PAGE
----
Green Web Design Trends: “Ultra-Minimalist Navigation” and the Return of Static Websites

Eco-design has become a major concern in terms of ecology and the environment. “Faster, more efficient” has become Google’s motto. In order to help you in your efforts to make your website greener, there are two other web design trends that can be mentioned that fall into the same green category as “mobile first” and dark mode. We will name it: ultra-minimalist navigation and the return of static sites.

Ultra-Minimalist Navigation

Ultra-minimalist navigation: “Many mobile applications have undergone an increasingly minimalist redesign in recent years. Not only the visual rendering, but also the way it works, has been simplified. In a connected world where “simple” has become a way of thinking for any approach, ultra-minimalism seems to be taking over after flat design and minimalist design. ”

In concrete terms, four notable applications have helped to spread this trend: Instagram, Apple Music, Airbnb and Medium. When opening the interface of these four applications, it is easy to notice some common points: a “tab system” menu (represented by five icons at the bottom of the page with the most important functionalities), simple icons, limited use of colours, and the simplicity of the typography, which reinforces the readability of the essential texts.

In short, only the essentials!

design appli ultra-minimalist

Picture taken from Medium

On closer look, their ultra-minimalist style is the result of an evolution over the last few years. In 2016, the Instagram application underwent an overhaul of its UI design. It greatly simplified the visual rendering of the interface while leaving room for the most important action of the application for the user –posting photos online. Same for Airbnb: they decided to eliminate the use of large photos, as well as an integrated search bar on the top, in favour of a full white search page that is both simpler and clearer for the user.

design appli android and ios

Picture taken from Medium

As written in « Eco-conception web : les 115 bonnes pratiques : Doper son site et réduire son empreinte écologique », (“Eco-Web Design: 115 Good Practices: Boost Your Site and Reduce Your Ecological Footprint”), if the framework of the project allows it, you should favour a simple, sleek design adapted to the web, and in particular exploit the functionalities of HTML5 and CSS3 to design a site, instead of putting images directly on it : “Suggest the use of colour gradients, a style of rounded corners, etc. which can be done in CSS3, instead of requiring images.[…] Create banners, headers, etc. so that the text, coloured backgrounds, etc. can be created in HTML/CSS.” Compared to images, a piece of CSS code is relatively light, so it consumes less energy when loading, displaying, and also in its storage process.

At the beginning of the twentieth century, René Char, a French poet and resistance fighter, had already written this saying: “The essential is constantly threatened by the insignificant.” In fact, in 2015, Google robots had already started indexing about 130 trillion pages. A little reminder: a trillion means a billion billion (or 1018)! That is why by taking into account this incredible figure we can understand why it’s so important to pay attention to the smaller parts of a website’s design. A sleek design can help change the world. We also can’t forget that extremely minimalist navigation bars also improve functionality and the user experience because “the less time the user spends finding what they are looking for, the more time they will spend on the site in question, going from page to page instead of wondering how to get from page to page.”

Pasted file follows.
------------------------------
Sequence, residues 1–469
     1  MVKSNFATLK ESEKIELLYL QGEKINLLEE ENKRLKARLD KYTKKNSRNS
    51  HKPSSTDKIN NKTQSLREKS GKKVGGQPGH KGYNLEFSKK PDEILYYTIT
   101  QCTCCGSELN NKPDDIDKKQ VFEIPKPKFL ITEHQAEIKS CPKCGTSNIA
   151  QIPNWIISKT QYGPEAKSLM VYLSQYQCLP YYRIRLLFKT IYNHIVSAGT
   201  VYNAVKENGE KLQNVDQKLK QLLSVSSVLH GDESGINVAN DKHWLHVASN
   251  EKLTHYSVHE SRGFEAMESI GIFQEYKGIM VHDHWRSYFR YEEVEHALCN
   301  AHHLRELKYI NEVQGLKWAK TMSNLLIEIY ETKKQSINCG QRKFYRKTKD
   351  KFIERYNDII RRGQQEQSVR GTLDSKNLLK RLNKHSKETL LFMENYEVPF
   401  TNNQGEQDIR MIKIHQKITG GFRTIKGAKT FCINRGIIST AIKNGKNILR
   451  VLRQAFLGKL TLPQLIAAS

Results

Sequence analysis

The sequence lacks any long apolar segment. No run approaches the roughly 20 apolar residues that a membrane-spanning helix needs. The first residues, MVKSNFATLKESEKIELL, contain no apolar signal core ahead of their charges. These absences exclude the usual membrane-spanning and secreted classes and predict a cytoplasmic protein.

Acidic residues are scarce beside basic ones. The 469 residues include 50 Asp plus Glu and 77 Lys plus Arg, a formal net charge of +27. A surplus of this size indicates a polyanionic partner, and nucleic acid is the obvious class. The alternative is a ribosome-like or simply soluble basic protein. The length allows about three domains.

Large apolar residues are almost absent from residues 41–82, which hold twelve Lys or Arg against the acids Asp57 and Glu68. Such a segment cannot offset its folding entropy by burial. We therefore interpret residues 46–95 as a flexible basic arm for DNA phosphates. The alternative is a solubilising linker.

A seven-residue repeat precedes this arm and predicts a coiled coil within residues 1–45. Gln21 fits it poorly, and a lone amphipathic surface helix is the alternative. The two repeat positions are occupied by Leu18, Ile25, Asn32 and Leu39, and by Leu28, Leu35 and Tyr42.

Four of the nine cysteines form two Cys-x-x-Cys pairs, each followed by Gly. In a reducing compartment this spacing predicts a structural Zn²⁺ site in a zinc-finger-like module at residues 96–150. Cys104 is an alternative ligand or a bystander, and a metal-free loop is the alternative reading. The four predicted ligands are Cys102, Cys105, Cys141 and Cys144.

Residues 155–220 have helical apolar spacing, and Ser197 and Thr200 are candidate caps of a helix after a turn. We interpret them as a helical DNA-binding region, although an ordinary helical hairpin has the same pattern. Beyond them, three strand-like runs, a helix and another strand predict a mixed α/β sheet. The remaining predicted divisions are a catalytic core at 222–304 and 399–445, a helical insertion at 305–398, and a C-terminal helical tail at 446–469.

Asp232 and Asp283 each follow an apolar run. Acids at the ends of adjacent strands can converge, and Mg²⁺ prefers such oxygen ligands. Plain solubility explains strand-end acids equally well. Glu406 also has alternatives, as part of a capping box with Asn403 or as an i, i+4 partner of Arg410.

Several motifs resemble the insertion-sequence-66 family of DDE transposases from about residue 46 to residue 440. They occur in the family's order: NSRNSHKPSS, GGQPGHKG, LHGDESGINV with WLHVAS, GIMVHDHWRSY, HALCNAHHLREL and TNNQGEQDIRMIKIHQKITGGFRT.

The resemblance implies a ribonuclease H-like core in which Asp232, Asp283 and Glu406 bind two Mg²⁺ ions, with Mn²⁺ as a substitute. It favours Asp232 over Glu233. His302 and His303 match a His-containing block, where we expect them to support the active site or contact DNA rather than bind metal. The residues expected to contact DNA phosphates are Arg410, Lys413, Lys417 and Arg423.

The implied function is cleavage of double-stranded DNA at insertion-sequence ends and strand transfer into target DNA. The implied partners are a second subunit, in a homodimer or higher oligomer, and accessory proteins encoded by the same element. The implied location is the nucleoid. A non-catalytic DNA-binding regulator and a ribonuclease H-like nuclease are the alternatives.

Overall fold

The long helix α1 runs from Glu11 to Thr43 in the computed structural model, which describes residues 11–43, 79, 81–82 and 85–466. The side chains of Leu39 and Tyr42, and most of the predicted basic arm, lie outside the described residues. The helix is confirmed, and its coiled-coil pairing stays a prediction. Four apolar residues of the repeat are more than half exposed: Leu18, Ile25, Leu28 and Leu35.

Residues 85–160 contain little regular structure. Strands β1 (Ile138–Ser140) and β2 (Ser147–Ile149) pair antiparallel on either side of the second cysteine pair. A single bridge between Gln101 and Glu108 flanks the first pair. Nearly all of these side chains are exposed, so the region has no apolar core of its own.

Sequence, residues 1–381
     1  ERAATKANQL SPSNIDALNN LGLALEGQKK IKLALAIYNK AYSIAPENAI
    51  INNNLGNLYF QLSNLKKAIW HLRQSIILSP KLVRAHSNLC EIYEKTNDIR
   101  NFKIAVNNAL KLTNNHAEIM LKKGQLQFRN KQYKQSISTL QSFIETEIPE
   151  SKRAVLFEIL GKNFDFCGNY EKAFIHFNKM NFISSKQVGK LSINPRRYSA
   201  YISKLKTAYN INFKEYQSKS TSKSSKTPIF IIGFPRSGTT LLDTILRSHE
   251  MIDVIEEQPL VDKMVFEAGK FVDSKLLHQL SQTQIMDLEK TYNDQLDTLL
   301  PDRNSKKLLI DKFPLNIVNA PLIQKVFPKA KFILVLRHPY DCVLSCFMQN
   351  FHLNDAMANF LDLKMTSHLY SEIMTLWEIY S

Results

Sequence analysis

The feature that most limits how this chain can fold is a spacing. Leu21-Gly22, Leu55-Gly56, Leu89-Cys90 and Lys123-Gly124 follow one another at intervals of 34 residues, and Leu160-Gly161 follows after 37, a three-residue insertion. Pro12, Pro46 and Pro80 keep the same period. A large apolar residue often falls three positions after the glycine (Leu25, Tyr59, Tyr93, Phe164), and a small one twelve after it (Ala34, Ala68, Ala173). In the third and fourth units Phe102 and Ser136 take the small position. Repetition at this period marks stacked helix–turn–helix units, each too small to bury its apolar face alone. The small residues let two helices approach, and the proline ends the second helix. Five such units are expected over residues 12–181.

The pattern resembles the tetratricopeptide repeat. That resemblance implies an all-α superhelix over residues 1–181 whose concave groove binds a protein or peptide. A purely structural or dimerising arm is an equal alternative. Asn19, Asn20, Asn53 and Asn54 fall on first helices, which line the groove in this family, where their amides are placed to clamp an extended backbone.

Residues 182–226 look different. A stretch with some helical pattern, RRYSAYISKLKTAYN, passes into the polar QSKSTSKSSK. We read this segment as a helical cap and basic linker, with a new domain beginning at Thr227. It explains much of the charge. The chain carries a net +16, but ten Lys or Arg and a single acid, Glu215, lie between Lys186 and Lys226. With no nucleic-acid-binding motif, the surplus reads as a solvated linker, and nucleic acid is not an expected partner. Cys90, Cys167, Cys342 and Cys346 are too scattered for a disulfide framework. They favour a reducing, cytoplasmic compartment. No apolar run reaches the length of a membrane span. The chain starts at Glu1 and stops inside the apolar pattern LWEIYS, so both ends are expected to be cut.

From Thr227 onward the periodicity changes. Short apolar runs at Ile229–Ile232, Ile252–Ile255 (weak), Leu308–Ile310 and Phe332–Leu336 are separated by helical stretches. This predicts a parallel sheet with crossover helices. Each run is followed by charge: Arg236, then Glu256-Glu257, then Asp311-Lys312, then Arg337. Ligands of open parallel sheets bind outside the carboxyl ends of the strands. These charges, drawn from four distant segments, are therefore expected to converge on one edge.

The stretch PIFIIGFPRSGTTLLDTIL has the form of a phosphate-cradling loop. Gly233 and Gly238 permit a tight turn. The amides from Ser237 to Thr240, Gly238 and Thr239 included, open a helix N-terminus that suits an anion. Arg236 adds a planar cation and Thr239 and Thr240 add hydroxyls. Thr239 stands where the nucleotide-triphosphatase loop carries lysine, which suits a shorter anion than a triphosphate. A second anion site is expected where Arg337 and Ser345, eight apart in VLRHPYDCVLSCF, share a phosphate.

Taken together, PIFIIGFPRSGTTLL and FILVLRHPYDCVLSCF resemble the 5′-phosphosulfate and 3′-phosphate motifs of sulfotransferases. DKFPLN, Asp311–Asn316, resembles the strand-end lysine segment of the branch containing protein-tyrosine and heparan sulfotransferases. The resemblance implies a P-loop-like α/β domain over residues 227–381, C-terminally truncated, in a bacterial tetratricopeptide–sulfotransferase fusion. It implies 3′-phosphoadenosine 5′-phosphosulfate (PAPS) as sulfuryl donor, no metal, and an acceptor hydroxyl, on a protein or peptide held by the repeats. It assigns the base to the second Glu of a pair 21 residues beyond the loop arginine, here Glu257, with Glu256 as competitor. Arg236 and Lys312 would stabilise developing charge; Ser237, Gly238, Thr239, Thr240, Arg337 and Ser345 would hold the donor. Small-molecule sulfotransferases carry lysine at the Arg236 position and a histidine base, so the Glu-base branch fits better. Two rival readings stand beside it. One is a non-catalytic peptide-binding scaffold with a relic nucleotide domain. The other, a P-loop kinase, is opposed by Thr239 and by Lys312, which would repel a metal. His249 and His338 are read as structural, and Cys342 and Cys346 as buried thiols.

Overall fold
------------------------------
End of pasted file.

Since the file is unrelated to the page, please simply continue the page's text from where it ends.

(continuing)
The Return of Static Sites

The latest ecological trend in web design concerns the return of static websites and their common application in One Page websites. A static website has simply three major advantages:

The combination of static and One Page websites is the result of the fact that the design of One Page is specifically intended for mobile phone navigation. A One Page site allows mobile phone users to scroll quickly through one and only page. This practice is especially suitable for small projects, such as an individual’s portfolio, the showcase page of a small service agency, etc. To achieve this speed objective, a static page that loads efficiently is undoubtedly the best choice. On the other hand, for a larger project, if the content of a page does not need to be displayed dynamically with the help of user requests, a simple static page is also a good choice.

Even if static pages are the opposite of another trend, which is to always have more animation on a website, their return does not mean depriving them of all the interactions that strengthen the link with the user. On the other hand, the use of well-chosen micro animations can attract the user’s attention and thus make the page attractive enough, without it needing to be dynamic. For example, “When he slides his finger over it, when he ticks a button, the colours change, windows open… Something must happen as soon as an action is performed…”

The choice between ‘having more and more animated elements’ and ‘going back to static pages’ leads us, once again, to consider how much and what kind of content to have on a website. While being aware that everything that is superfluous will lead to a waste in energy, the return to static pages is therefore not so surprising for users who are becoming increasingly aware of digital pollution.

Written by Shu-Min Huang